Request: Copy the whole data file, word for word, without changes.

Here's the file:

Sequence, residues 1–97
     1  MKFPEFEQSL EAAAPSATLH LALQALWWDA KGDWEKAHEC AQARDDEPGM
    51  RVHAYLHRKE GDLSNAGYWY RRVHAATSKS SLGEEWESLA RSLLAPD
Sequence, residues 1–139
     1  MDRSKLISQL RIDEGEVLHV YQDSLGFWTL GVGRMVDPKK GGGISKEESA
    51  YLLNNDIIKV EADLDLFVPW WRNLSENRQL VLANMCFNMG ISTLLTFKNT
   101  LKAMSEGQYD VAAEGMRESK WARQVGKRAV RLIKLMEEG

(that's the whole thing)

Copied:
Sequence, residues 1–97
     1  MKFPEFEQSL EAAAPSATLH LALQALWWDA KGDWEKAHEC AQARDDEPGM
    51  RVHAYLHRKE GDLSNAGYWY RRVHAATSKS SLGEEWESLA RSLLAPD
Sequence, residues 1–139
     1  MDRSKLISQL RIDEGEVLHV YQDSLGFWTL GVGRMVDPKK GGGISKEESA
    51  YLLNNDIIKV EADLDLFVPW WRNLSENRQL VLANMCFNMG ISTLLTFKNT
   101  LKAMSEGQYD VAAEGMRESK WARQVGKRAV RLIKLMEEG